Planets made out of water
It sounds like you're trying to build a planet out of water.
Water produces gravity the same way rocks do. Regolith is about 2 times as dense as water so an Earth-sized planet will have 1/2 the gravitational pull of the Earth. There's no need for magnets at all. If you just put enough water in the same place, at a low enough temperature, you'll create an Earth-sized ball of water that'll stick together due to gravity. You can do that with (a lot of) ordinary spaceships.
Will this water evaporate into space? Yes, and that's okay.
The Earth loses air (including water vapor) to evaporation all the time. Eventually, all of our gasses & liquid water water will evaporate away. We already lost most of our hydrogen and helium this way. Nitrogen, oxygen, carbon dioxide and water are heavier than hydrogen and helium, so it takes longer for them to evaporate. That's why our atmosphere is made of nitrogen, oxygen, carbon dioxide and water vapor.
The stronger a planet's gravitational field is, the slower its atmosphere will evaporate. The weaker a planet's gravitational field, the faster its atmosphere will evaporate. A planet with 1/2 the Earth's gravitational field will keep its water for a very long time, almost as long as Earth's will. Even a planet with 1/10 of the Earth's gravitational field will keep its water for a long time--at least by human timescales.
How much gravity do you want? The more gravity you want, the more water you should put in the same place and the longer (due to gravity and having more water to begin with) it'll take to evaporate. The colder the planet, the longer it'll take to evaporate too.
Magnets tend to be really weak because attractive force of magnets decreases at the cube of the distance between magnets. The most powerful tiny magnets we have are protons, neutrons and electrons. Their force is a rounding error compared to the electrostatic effect. (Magnetism basically is just an artifact of electrostatic forces when you mix them with special relativity.)
Usually you have to look very closely at atomic spectra even to see the magnetic effect of protons and neutrons, compared to electrostatics. The only way to get a powerful magnet is by running current through a wire (usually a superconductor) very fast. This would take a lot of handwavium to accomplish en-masse at a small scale. In addition, that many nanomachines changing the properties of water on a water-based planet could really mess up water-based biology, which depends on water behaving like water.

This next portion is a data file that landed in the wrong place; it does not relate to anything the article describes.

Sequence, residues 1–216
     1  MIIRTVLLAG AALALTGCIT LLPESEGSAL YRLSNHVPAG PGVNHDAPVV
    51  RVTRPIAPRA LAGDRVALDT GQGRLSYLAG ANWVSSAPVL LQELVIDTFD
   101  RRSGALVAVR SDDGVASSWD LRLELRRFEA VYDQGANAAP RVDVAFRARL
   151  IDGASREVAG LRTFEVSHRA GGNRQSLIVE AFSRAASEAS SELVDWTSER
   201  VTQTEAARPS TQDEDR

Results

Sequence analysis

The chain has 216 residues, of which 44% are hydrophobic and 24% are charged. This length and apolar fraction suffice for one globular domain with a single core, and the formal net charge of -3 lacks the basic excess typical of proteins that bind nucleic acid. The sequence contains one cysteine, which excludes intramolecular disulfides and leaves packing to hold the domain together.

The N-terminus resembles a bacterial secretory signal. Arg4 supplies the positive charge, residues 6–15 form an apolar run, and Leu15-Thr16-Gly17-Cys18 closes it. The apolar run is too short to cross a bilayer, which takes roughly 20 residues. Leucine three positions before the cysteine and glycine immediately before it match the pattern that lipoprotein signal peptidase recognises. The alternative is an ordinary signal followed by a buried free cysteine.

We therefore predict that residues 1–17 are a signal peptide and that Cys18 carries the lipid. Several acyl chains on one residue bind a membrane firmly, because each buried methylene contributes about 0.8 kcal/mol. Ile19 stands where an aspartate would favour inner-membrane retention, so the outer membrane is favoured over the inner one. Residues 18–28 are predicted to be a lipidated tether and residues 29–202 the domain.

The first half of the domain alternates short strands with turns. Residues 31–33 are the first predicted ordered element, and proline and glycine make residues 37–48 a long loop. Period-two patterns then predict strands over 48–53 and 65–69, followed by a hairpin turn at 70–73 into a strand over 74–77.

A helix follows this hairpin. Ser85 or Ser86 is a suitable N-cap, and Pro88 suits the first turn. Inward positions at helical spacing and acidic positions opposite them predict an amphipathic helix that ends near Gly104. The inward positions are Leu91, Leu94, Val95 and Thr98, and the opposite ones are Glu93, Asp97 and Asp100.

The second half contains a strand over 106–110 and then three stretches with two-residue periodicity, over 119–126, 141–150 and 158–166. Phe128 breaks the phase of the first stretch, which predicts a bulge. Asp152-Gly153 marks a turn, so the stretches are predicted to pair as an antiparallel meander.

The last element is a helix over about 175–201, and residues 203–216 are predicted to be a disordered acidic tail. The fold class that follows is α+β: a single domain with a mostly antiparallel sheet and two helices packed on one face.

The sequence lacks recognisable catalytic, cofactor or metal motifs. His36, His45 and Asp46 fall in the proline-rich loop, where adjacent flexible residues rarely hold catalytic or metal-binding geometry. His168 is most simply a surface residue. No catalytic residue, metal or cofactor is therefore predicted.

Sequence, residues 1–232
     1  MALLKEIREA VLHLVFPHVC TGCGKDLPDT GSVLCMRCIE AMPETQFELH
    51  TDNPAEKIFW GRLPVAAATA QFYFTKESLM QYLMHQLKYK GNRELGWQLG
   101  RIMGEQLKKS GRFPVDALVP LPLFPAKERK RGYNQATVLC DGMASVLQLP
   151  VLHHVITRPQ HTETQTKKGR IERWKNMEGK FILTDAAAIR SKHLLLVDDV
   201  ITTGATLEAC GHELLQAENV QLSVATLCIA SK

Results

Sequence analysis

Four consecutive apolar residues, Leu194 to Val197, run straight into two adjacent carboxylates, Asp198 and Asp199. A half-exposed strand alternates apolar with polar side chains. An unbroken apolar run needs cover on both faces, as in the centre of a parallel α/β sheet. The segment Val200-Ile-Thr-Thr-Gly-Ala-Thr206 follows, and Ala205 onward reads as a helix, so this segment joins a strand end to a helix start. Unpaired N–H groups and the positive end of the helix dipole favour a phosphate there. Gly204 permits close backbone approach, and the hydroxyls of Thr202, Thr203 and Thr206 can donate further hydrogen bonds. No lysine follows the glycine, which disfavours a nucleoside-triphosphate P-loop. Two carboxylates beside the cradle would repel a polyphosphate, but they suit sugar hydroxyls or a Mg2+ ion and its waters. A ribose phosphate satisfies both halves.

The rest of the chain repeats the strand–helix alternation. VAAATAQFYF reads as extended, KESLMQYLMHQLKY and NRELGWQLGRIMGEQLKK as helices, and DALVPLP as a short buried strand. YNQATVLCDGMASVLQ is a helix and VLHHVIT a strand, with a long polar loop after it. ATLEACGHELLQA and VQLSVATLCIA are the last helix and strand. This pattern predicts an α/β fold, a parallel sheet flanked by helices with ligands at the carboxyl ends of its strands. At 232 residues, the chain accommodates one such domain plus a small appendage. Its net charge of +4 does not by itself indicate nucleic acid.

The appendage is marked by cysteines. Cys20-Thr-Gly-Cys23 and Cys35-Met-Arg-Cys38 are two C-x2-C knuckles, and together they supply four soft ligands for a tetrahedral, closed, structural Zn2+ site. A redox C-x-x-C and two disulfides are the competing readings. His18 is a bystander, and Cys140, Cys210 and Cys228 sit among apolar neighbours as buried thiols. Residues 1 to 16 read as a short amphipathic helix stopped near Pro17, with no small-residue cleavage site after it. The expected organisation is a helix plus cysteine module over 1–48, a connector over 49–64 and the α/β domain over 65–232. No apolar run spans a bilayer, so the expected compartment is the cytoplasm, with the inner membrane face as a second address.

The attractive force of gravity and electric forces decreases at the square of the distance. Gravitic and electric forces will thus be much more effective at holding your planet together. If you filled water with positive and negative much-more-powerful electric charges, called ions, they would hold your water together better than magnets to reduce evaporation. This way you could have a smaller planet with lower gravity yet the same evaporation rate.
Positive and negative ions dissolved in water are called salt. When you dissolve salt in water, the positive and negative ions separate and stick to positive and negative ends of the water molecules. This holds the water together much more strongly than magnets could.
For the sake of completeness, there's one case where magnetism makes sense to protect a water planet. A planet with a north and south magnetic pole gains some protection from the solar wind, a blast of positive and negative particles emitted from the sun which can knock air molecules away from a planet. However, gravity is a far more important factor in this sort of thing.
A few things to note
- The water in the middle of a big enough ball will freeze due to pressure.
- A planet-sized ball of water will heat up during assembly for the same reason meteors heat up when they hit the Earth. (Release of gravitational potential energy.) It'll take some time to cool off.
- Electromagnets work by reducing the effect of one half of a positive-negative electrostatic pair. In this sense, the most powerful magnets are just a weak, inefficient, roundabout way of producing electrostatic forces. You'll get better results by using electric charges directly.
- Water remains at a liquid state when it's at an appropriate pressure and temperature. If you want to preserve Earth-like temperatures then you also have to preserve Earth-like pressures. Pressure is the weight of all the air above you. Decreasing the gravity of a planet reduces the weight of the air, so you'll have to add air to compensate. Thus, a low-gravity water planet will require a thicker atmosphere than Earth's. (Though much of this atmosphere may consist of water vapor, depending on the temperature, pressure and gravity, as well as what other elements are present in the atmosphere.)